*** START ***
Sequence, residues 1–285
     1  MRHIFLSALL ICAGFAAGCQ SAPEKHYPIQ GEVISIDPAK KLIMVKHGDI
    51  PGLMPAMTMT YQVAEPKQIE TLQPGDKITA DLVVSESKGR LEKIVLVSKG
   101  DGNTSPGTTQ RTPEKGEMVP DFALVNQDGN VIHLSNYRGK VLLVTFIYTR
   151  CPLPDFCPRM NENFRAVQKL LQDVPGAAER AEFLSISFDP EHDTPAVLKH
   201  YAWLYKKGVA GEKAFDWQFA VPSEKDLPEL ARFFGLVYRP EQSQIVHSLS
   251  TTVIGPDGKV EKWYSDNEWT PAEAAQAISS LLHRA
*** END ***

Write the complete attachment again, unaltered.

Sequence, residues 1–285
     1  MRHIFLSALL ICAGFAAGCQ SAPEKHYPIQ GEVISIDPAK KLIMVKHGDI
    51  PGLMPAMTMT YQVAEPKQIE TLQPGDKITA DLVVSESKGR LEKIVLVSKG
   101  DGNTSPGTTQ RTPEKGEMVP DFALVNQDGN VIHLSNYRGK VLLVTFIYTR
   151  CPLPDFCPRM NENFRAVQKL LQDVPGAAER AEFLSISFDP EHDTPAVLKH
   201  YAWLYKKGVA GEKAFDWQFA VPSEKDLPEL ARFFGLVYRP EQSQIVHSLS
   251  TTVIGPDGKV EKWYSDNEWT PAEAAQAISS LLHRA